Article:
Killeen’s Mayor Pro Tem Debbie Nash-King held a town hall meeting at Anderson Chapel AME Church on Thursday evening.
The subject of the meeting was on tax assessments, but Nash-King also made sure residents share their concerns about certain proposed changes in the Killeen City Council’s charter review – which it had recently voted against.
One of the proposed amendments to the Articles of Association would increase council compensation from its current $ 100 per month to $ 1,000 per month. The mayor would receive $ 1,500, up from the current $ 150.
Nash-King talked about how she felt uncomfortable when councilors received salary increases without the raise being voted on.
“You, the resident, are our boss and I think you should have the right to decide how much we get for our raise. Whether it’s $ 500 or $ 1,000, you should be able to decide what you think is right, “said Nash-King in front of the crowd of roughly 30.
Another proposed amendment to the statutes would give the council oversight over the dismissal and discipline of city department heads.
Nash-King mentioned that it was not the city council’s right to act as city manager and fire chiefs.
“We just don’t have the time for that. We are not the city administration, ”she said.
Nash-King also stressed the importance of community involvement by inviting residents to a public forum on the City Charter on December 13th. Changes to the charter will go to voters in May.
After Nash-King finished speaking, Billy White, Bell County’s lead tax appraiser and the meeting’s guest of honor, took the floor to give a presentation on the fundamentals of district property valuation.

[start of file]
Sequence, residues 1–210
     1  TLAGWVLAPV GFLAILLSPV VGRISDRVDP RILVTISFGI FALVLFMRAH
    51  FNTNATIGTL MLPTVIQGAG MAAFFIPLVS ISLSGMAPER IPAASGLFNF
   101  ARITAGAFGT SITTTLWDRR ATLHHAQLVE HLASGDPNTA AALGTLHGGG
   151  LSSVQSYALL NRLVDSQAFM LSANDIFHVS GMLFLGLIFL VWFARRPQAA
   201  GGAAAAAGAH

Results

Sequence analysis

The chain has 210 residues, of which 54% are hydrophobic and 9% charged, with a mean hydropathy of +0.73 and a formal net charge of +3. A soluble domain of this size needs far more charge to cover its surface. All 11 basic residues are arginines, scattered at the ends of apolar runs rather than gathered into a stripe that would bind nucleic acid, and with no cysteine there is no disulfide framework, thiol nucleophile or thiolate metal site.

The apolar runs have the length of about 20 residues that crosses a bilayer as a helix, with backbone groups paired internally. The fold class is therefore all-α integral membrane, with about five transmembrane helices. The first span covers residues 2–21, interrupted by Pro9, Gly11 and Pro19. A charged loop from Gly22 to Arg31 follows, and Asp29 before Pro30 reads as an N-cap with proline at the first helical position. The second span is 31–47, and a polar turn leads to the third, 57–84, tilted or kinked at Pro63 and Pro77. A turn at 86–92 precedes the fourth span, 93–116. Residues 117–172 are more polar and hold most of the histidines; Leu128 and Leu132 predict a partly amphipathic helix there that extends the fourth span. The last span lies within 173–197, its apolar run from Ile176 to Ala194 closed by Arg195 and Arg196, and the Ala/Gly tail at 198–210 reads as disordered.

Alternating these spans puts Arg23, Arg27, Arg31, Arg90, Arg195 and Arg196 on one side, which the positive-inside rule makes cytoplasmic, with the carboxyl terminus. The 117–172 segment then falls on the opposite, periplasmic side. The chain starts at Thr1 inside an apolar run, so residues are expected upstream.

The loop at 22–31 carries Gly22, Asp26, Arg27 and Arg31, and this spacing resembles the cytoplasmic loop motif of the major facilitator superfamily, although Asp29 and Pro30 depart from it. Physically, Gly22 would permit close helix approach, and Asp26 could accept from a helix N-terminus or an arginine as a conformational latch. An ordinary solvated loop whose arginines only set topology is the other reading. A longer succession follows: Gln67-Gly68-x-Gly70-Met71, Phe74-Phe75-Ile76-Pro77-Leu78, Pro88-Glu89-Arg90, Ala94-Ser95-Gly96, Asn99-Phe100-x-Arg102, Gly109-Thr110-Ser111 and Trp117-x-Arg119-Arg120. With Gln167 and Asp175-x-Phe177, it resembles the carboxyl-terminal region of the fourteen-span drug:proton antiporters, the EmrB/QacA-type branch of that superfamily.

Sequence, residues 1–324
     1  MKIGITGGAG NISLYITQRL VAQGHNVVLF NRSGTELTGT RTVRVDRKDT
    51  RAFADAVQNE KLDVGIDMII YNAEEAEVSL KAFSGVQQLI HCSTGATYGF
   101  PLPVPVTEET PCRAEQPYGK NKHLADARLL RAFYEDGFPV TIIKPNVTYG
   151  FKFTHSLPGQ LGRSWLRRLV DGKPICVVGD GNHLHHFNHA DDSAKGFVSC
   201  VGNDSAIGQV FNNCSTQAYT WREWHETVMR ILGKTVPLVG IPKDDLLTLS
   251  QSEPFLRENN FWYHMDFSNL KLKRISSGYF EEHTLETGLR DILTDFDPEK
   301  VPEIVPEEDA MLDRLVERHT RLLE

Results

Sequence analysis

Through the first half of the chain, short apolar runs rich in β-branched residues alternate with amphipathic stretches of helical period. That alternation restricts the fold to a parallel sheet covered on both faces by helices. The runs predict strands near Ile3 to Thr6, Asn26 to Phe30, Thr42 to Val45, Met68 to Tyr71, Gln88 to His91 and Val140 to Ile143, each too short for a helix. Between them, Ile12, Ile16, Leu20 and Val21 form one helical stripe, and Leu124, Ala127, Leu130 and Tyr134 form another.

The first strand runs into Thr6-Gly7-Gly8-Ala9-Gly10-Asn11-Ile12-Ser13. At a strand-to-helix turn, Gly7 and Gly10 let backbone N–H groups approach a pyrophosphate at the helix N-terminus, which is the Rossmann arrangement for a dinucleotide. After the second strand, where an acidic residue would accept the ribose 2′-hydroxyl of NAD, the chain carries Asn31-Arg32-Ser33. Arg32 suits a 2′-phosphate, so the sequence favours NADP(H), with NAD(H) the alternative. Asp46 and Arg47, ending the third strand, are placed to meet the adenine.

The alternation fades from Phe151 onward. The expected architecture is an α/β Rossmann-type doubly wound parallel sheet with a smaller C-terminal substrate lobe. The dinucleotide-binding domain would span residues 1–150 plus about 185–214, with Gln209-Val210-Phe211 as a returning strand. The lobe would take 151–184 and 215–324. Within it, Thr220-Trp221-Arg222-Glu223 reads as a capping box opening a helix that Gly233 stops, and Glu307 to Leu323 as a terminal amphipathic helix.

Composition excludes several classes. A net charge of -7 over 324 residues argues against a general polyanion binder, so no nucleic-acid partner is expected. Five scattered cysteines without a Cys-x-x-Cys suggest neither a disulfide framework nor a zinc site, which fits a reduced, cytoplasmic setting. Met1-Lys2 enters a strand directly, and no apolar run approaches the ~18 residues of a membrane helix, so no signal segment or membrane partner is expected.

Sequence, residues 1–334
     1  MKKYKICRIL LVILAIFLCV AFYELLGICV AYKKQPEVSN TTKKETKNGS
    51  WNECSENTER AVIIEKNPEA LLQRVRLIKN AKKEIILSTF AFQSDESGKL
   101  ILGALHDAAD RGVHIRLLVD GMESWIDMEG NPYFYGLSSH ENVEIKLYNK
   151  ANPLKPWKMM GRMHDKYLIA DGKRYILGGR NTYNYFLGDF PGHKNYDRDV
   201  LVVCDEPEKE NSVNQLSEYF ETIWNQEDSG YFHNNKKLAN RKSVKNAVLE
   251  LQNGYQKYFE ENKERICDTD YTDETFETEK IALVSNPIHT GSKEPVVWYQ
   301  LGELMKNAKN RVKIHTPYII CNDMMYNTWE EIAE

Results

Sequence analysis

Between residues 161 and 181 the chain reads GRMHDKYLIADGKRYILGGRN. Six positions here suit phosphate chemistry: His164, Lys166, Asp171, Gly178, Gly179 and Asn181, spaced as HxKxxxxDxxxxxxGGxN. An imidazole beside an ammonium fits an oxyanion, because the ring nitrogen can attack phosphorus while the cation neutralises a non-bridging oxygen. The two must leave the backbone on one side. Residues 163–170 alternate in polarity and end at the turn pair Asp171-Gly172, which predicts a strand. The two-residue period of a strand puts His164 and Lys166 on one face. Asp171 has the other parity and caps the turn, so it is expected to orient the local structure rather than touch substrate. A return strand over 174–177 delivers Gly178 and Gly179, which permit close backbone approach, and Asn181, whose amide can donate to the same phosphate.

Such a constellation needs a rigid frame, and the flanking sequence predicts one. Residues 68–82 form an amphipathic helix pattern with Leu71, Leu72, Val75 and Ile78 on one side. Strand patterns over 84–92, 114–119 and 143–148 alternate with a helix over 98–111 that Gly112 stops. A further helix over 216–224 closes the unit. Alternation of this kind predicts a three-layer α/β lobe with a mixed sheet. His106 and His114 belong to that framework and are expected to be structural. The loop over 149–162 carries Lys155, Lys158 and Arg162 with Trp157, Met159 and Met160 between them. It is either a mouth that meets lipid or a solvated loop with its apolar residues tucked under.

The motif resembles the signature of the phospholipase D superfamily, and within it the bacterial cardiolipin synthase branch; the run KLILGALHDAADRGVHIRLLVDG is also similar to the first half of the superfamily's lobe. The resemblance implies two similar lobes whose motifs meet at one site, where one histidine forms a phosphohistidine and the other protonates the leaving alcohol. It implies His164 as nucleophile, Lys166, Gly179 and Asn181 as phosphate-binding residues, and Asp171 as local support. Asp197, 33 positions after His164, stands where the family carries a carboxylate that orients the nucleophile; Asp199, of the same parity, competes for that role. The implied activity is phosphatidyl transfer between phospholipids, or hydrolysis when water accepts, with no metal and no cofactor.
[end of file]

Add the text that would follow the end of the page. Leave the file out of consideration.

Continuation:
“My duty as a lead appraiser is to review property taxes and determine eligibility with tax exemptions and of course to certify an appraisal,” said White.
During the presentation, White described what assessments are and how they work.
White also revealed that home sales in the Bell County area skyrocketed in 2021 due to the winter storm, with the exception of February.
White also showed the audience that they can qualify for tax exemptions when it comes to their households – these exemptions range from age 65 or older to a disability to a disabled veteran. Another exception was agricultural land.
After White finished the presentation, the audience came in to ask questions.
One viewer wondered about the tax sins of the Killeen Independent School District.
“Things like KISD don’t pay real estate tax, how is that collected? Is this our responsibility even though the property owner does not pay his taxes? ”Asked the viewer with Marvin Rainwater, a member of the KISD school board, who was only a few meters away from her.
White responded that late fees are agreed with the property owner, but if those bills are not paid, they will be passed on to the appraisal district attorneys to collect the money owed.
In the end, Nash-King thanked residents for coming and reiterated their concerns about potential councilor salary increases.